The Haas 2CA is being developed by the Aeronautics and Cosmonautics Romanian Association (ARCA) Space Corporation, though the association is headquartered in the USA. The vehicle has a distinctive look, nearly resembling a giant razor. Haas 2CA is made out of a number of composite materials, which are also integrated in the launcher’s propulsion system. The vehicle should be capable of delivering 400kg into LEO. The company is currently in testing phase, aiming to launch by the end of year. ARCA has announced that the cost of launch will be around $1million.


Kuaizhou 11 by EXPACE / PLA

In January 2018, several Chinese news outlets announced that the Kauizhou 11 solid-fueled vehicle will be launched this year. The rocket is capable of delivering satellites into LEO and Sun-Synchronous Orbit (SSO) and aims to launch four times a week. It’s manufactured by China Aerospace Science and Industry Corporation (CASIC) Rocket Technology Company, also known as EXPACE. In December 2017, it was announced that the Kauizhou 11 program had received $182million in investments. It is expected that Kauizhou 11 charges $5,000 per kilogram of payload.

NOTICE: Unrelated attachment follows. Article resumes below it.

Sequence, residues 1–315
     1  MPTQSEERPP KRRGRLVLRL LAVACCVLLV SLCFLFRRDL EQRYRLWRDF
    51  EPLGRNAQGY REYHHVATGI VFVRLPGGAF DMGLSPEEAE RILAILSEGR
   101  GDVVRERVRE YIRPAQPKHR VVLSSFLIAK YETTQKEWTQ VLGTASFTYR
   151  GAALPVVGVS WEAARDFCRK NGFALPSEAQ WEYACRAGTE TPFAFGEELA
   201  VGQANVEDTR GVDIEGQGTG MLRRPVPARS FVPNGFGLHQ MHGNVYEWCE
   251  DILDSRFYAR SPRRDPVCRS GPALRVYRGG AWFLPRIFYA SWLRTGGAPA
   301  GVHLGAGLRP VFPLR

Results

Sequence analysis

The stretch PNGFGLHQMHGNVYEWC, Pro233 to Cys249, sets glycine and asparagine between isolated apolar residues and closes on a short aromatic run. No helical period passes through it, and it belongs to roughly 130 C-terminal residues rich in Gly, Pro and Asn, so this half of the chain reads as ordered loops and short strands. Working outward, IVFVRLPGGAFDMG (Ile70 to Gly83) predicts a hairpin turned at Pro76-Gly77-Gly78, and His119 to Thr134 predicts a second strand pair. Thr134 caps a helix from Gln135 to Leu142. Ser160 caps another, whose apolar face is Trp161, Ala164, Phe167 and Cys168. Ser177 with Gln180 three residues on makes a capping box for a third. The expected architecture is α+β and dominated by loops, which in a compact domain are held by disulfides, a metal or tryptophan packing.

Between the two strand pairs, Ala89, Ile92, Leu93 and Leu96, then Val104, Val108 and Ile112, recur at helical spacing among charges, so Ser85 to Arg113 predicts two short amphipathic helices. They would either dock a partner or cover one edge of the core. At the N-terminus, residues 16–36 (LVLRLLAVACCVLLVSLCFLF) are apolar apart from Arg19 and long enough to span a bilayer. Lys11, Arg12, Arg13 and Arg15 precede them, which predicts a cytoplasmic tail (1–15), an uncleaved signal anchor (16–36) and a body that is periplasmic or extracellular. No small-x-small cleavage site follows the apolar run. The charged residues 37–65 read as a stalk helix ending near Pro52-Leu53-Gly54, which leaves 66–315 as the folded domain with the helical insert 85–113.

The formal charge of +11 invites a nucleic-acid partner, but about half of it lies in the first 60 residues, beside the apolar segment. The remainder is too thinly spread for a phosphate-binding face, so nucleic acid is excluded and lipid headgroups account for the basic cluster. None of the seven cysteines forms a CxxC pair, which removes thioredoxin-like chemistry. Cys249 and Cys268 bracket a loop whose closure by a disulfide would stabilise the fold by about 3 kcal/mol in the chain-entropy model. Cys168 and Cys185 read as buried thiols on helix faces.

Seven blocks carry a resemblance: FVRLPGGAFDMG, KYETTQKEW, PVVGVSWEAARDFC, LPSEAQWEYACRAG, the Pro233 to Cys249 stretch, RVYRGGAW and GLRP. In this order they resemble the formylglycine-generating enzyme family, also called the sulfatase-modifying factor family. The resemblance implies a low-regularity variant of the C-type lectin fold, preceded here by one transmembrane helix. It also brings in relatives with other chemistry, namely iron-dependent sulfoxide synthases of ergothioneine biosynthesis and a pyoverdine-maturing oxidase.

LauncherOne by Virgin Orbit

Many of us are familiar with the capabilities of LauncherOne, the rocket that will be launched from underneath the wing of Cosmic Girl, a retired Virgin Atlantic Boeing 747-400 aircraft. Virgin Orbit, a company that spun-off from Virgin Galactic in 2017, is set to test LauncherOne in 2018, followed by commercial operations later in the year. So far, Virgin Orbit has been very successful in securing contracts: it will work with OneWeb Satellites, NASA, SITAEL, Cloud Constellation Corporation, and Planet, among others. VOX Space, a division of Virgin Orbit, will be responsible for launching government and military missions. The company aims to launch 24 missions in 2024. Launch costs are estimated at $12 million.


Stratolaunch by Scaled Composites/Dynetics